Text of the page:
Matariki is the Maori name for the group of stars also known as the Pleiades star cluster;  and what is referred to as the traditional Maori New Year.

The Maori new year is marked by the rise of Matariki and the sighting of the next new moon. The pre-dawn rise of Matariki can be seen in the last few days of May every year and the new year is marked at the sighting of the next new moon which occurs during June.

Traditionally, depending on the visibility of Matariki, the coming season’s crop was thought to be determined. The brighter the stars indicated the warmer the season would be and thus a more productive crop. It was also seen as an important time for family to gather and reflect on the past and the future.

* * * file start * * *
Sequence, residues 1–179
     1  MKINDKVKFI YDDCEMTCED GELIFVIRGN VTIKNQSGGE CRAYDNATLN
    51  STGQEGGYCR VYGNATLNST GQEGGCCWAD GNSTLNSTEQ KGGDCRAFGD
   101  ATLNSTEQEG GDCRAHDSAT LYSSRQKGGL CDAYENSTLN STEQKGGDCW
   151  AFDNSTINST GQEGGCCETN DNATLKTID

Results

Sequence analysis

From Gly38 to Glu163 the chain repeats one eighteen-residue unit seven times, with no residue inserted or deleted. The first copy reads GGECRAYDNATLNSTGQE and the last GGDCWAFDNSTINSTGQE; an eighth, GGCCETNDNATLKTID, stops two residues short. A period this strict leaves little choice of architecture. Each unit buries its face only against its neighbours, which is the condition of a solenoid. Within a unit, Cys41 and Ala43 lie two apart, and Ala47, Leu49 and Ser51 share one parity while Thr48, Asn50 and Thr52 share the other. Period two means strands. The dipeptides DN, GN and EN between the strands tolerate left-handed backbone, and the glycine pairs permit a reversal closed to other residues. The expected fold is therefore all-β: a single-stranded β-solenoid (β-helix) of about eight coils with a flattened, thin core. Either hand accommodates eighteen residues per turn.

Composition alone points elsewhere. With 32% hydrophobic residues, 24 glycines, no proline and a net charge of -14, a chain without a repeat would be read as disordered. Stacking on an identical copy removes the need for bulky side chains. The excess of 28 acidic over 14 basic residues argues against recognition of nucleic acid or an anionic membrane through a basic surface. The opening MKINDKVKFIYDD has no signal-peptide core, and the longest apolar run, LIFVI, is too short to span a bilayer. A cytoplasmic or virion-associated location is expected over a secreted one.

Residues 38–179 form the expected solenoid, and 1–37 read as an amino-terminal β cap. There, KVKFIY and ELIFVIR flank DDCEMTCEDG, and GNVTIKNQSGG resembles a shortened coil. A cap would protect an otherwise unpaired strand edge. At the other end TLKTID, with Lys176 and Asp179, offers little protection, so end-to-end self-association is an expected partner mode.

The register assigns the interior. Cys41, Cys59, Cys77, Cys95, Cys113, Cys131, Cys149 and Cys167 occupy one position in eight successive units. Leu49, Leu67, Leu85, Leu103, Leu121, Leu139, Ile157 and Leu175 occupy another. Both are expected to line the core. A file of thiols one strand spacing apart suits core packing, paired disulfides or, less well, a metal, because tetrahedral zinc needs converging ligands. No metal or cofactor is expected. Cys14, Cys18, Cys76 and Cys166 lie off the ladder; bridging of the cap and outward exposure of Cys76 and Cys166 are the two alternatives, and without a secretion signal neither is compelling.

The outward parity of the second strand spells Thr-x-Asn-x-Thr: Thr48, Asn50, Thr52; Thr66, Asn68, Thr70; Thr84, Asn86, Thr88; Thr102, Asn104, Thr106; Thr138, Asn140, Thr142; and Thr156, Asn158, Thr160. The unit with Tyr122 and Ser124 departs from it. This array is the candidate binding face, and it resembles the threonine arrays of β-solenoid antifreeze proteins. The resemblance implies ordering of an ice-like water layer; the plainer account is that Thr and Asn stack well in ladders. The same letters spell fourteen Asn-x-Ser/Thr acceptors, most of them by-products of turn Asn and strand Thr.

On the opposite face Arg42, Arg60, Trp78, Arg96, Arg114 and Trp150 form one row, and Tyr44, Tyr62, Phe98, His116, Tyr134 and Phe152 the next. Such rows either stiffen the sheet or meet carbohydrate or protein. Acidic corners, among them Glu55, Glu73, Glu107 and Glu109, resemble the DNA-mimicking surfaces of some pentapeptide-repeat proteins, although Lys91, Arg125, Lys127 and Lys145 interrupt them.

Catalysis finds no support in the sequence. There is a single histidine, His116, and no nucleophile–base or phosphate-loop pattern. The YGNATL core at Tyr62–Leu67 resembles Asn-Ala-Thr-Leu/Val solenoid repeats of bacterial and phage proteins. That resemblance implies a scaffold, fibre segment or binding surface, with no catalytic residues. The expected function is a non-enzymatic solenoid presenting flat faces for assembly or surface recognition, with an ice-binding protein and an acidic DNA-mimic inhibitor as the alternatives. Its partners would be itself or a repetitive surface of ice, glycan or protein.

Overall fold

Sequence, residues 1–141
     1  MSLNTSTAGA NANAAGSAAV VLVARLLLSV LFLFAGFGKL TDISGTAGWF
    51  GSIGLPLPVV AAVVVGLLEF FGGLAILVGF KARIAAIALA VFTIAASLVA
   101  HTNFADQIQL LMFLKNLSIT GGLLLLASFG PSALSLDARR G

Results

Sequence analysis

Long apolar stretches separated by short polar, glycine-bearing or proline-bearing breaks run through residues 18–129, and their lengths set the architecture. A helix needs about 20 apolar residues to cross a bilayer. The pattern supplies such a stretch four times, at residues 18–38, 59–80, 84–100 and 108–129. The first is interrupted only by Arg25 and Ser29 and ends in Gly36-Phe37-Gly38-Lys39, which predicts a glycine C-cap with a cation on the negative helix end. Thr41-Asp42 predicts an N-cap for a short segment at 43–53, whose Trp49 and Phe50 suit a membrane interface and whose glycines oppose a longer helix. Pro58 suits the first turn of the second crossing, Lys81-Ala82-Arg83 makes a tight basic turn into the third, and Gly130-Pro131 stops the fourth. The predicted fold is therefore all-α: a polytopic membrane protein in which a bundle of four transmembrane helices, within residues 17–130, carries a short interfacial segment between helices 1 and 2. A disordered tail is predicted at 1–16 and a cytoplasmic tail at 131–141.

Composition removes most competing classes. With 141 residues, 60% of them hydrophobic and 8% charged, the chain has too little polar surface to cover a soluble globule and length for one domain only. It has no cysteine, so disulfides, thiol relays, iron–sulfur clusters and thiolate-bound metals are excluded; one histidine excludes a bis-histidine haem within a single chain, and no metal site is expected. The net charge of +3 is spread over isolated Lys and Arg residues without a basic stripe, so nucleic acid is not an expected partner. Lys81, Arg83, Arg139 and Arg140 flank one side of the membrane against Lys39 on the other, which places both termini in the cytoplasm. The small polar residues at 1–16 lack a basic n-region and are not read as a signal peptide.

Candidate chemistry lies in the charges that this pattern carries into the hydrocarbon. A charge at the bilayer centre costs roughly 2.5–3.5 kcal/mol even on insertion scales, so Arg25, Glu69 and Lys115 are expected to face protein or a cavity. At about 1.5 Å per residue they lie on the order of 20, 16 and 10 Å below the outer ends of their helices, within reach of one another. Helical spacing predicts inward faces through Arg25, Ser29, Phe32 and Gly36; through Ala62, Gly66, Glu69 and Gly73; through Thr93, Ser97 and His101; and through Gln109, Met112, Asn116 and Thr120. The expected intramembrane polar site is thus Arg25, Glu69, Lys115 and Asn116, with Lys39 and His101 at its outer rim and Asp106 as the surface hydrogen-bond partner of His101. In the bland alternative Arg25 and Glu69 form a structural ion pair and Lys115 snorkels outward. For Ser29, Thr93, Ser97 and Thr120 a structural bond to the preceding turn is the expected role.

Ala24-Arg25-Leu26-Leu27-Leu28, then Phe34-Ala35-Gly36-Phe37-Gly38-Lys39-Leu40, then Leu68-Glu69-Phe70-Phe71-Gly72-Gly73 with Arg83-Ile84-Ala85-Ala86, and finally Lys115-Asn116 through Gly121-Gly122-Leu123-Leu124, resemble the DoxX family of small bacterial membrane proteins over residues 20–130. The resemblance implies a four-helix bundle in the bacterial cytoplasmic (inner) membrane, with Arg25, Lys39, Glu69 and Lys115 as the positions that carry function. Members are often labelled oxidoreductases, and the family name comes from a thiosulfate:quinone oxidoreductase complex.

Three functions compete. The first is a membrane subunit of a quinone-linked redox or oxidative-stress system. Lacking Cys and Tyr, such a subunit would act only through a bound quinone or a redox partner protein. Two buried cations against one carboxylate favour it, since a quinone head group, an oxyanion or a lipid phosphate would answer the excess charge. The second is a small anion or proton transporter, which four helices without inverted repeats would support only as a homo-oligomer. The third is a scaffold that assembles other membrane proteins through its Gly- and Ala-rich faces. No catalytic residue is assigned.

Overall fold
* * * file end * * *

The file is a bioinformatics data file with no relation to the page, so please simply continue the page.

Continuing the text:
Today Matariki means celebrating the unique place in which we live and giving respect to the land we live on.  If you’re in Wanaka on Saturday, 28 June, be sure to head down to the Dinosaur Park to celebrate with us locals!  A wonderful, free community event is hosted by Kahu Youth and from 2.30 – 6 pm the waterfront will be a hive of activity with workshops, live performances, bonfires, a huge delicious Hangi and an amazing fireworks display to finish!

Many thanks to  Tai Tokerau Tourism for the background information above.